Choosing a good book on programming
Published on 2007-12-14. Modified on 2016-04-02.
This is a small article on how to choose a good book on programming. The same method can be applied to other areas as well. It should be noted that the described method is my preferred method, it is not a universal method.
Choosing a good book about a particular programming language from severals books on the subject can be difficult.
Some people like to look at reviews, but I find reviews more or less useless. Just because a book receives a good review doesn't mean that it is actually good from your perspective. Book reviews are the same as movie reviews - they are just other peoples opinions. Some people like it while others don't. Reviews only work, if you know for sure, that the person who is doing the review has the exact same taste and level of understanding as you.
What really matters is the method of teaching in the book. The method which the author uses must fit your way of thinking and understanding. This is the most important part.
Of course it is also important that the author actually knows what he's talking about, but the author doesn't necessary need to be a master of the programming language. Skillful programmers tend to be less good writers, they think technically and uses terms that are difficult to understand.
Often I find that small useful and practical online tutorials are much more useful than a book. After gaining some experience you can then buy a good reference book and then you don't need a particular book teaching you "how to program".
The size of the book doesn't matter, but I have noticed that often the biggest book is the least useful! Some authors make books big on purpose. Not because they need to be, but because they know that many people think that if a book is really big, it must be great and it must contain all the information that is needed. By making the book big with a lot of more or less useless information they can make the book look attractive and they can make the book more expensive.
Books like "The X Bible" or "The Y Bible" tend to be 900 to 1500 pages and they are very expensive, yet I have never found anyone of those so-called "bible" programming/computer books be useful. A small book on the subject usually goes right to the point with a short and good explanation with a couple of good examples. The so-called "bible" books are always stuffed with useless information.
Some books are very popular, but just because a book is popular doesn't mean that it fits your way of thinking and understanding.
So what can you do?
Make yourself an expert on a sub-subject before you buy the book!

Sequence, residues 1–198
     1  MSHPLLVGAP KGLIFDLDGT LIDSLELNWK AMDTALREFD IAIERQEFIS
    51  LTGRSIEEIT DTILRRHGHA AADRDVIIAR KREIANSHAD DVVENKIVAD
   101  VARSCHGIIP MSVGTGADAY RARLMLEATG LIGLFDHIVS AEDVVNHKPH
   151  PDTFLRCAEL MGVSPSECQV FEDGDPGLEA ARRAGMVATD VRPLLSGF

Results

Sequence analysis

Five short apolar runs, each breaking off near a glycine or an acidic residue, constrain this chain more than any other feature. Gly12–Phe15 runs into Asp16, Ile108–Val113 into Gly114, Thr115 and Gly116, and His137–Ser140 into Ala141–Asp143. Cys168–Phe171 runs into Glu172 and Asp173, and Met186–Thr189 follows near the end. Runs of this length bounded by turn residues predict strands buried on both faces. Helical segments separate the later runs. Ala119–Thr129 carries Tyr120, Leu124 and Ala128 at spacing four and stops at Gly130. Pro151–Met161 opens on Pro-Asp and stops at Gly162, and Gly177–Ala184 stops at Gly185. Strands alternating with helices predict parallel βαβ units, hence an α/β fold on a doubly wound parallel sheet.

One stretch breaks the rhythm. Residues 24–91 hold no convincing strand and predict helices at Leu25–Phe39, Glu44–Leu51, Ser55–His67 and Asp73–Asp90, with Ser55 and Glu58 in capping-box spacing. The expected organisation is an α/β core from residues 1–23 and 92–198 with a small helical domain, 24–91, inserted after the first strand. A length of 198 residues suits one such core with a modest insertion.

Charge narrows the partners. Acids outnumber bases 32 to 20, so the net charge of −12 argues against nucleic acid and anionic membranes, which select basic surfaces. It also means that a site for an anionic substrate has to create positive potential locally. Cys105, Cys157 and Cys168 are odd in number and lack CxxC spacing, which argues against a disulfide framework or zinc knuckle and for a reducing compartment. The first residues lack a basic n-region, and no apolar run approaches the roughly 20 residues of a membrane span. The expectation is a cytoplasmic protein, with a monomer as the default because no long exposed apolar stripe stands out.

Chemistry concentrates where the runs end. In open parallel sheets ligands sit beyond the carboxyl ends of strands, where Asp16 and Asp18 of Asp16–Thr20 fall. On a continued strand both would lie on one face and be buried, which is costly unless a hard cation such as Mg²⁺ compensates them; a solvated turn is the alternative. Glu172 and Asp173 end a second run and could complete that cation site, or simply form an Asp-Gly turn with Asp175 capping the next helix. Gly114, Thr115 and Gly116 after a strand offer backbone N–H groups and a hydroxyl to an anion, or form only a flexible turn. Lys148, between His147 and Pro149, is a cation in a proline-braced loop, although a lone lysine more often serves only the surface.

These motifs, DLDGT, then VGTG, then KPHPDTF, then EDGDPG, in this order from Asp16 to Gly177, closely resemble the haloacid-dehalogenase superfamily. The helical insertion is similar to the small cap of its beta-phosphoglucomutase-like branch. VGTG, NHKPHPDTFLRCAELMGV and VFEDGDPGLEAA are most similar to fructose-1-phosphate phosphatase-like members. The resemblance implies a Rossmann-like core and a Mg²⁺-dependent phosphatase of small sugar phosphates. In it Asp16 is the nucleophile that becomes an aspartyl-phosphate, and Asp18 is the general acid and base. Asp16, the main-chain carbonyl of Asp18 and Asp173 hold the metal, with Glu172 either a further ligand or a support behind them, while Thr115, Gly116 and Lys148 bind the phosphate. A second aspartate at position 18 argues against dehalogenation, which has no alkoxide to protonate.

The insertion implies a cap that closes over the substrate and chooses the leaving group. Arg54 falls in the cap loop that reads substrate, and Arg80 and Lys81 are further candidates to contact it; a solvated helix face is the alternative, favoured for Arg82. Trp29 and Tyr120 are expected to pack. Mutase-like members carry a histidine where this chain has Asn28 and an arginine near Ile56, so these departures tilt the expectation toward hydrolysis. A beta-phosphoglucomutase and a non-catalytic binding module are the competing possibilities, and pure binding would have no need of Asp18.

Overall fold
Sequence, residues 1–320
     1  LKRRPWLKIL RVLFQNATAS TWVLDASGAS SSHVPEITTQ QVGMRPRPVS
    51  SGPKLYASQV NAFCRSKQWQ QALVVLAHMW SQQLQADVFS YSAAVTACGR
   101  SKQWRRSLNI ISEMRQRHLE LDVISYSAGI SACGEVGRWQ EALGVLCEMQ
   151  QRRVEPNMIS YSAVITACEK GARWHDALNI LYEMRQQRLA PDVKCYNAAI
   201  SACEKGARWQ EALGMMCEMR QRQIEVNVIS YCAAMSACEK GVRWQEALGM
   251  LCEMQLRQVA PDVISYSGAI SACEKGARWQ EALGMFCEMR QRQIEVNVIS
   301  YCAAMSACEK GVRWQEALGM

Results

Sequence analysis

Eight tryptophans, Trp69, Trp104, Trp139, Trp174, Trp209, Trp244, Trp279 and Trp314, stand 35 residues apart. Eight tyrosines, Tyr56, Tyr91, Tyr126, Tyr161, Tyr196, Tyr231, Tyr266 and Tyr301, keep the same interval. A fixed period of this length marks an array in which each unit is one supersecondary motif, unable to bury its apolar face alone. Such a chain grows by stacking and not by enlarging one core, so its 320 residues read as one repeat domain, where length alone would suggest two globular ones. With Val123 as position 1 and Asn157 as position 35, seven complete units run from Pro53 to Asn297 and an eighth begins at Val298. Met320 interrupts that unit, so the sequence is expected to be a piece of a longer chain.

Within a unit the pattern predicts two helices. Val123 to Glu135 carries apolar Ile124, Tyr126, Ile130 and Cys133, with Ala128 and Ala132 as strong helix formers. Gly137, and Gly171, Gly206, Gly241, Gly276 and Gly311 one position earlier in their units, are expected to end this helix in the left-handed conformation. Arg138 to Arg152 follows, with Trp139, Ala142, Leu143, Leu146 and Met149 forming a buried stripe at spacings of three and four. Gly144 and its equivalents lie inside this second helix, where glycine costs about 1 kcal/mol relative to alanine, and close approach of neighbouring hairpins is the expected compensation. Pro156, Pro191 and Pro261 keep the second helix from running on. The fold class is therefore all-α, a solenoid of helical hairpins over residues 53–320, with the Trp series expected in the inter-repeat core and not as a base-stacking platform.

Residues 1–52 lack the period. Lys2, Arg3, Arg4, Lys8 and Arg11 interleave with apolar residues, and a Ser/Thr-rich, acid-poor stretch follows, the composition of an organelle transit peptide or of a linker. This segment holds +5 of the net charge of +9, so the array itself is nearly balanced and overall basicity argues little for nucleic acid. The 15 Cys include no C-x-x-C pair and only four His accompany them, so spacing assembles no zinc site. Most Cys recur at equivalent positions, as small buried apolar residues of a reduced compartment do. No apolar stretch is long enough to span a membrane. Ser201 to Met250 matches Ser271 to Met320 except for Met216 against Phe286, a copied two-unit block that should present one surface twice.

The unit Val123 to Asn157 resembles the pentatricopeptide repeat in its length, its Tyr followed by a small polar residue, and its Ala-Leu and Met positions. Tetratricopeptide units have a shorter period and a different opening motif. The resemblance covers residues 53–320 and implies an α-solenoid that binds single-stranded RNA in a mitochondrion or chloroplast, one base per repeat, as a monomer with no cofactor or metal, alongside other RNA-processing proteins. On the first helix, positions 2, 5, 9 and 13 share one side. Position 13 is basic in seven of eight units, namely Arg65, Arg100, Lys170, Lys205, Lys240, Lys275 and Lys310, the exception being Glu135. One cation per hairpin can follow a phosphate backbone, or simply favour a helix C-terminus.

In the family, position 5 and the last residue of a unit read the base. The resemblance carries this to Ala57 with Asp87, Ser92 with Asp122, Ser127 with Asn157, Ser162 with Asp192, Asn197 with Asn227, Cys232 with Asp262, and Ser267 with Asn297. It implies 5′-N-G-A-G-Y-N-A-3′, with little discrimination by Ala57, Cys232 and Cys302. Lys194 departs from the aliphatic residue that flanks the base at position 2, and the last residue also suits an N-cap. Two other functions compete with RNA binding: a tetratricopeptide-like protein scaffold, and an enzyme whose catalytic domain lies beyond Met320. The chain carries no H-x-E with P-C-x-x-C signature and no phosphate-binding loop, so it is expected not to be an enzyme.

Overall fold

When I need to choose a new book, no matter what the subject is, I try to gain some basic knowledge on a particular sub-subject of the matter first. If related to a particular programming languages it could be something like the "conditional statements" of the language. I try to read a lot of information online and if possible do some tests. When I feel I understand that sub-subject well, I then have something to compare the book with, and I then try to locate the biggest bookstore on programming languages. I then look at each book to see how it deals with the subject of "conditional statements".
Doing it this way I can compare the way the author explain the subject with the knowledge I already posses. I am then better skilled at making a good decision. If the author explains the subject in a way that I understand really well, and I understand the examples that he uses, then the chances are that he or she will explain the rest of the subjects in the book just as well. And I have found that for the most part this is true.
It is important that you look for a book that make use of examples that you can understand and relate to. I personally do not like books that uses complicated mathematically problems as coding examples. Even though I like mathematics, and of course you need some basic mathematics in almost every programming language, I am not a mathematician and I have difficulty relating to mathematical examples as I rarely deal with problems that are strictly mathematical in nature.
I once found a programming book on Java that only used a mathematical problem as an example. Chapter by chapter the author expanded upon the same example that slowly grew in complexity. Even though I understood the programming, I could not relate to the examples and I didn't understand the mathematics that the author used. As the examples became completely useless to me, so did the book.
Always look for a book with examples you can relate to.
A reference book is a must if you decide to program in a particular programming language, but a reference isn't the first thing you need. Many times a reference lacks explanation and examples and that's because it's just a reference. On the other hand if you can find a good reference book with examples and a little explanation then that is often the only book you will ever need.
Today many programming languages keep their references online and it is worth studying the reference before you buy a book, if you even need one.
As a conclusion you could say that a good programming book is a book that:
- Provide explanations that match your way of thinking.
- You can understand the examples being used.
- The author gets straight to the point without filling empty space with useless babbling in order to make his or hers book thicker and more expensive.
- The author uses different types of examples rather than just expanding the same example with more and more complexity.
- Don't waste tons of paper on telling you the history of the programming language. History - even if it is interesting - is for history books, not programming books. You can locate such information online.
- Don't waste tons of paper on general information that is easily located online, such as "Unix man pages" or similar stuff.
- Begins at a level that fits your current skills.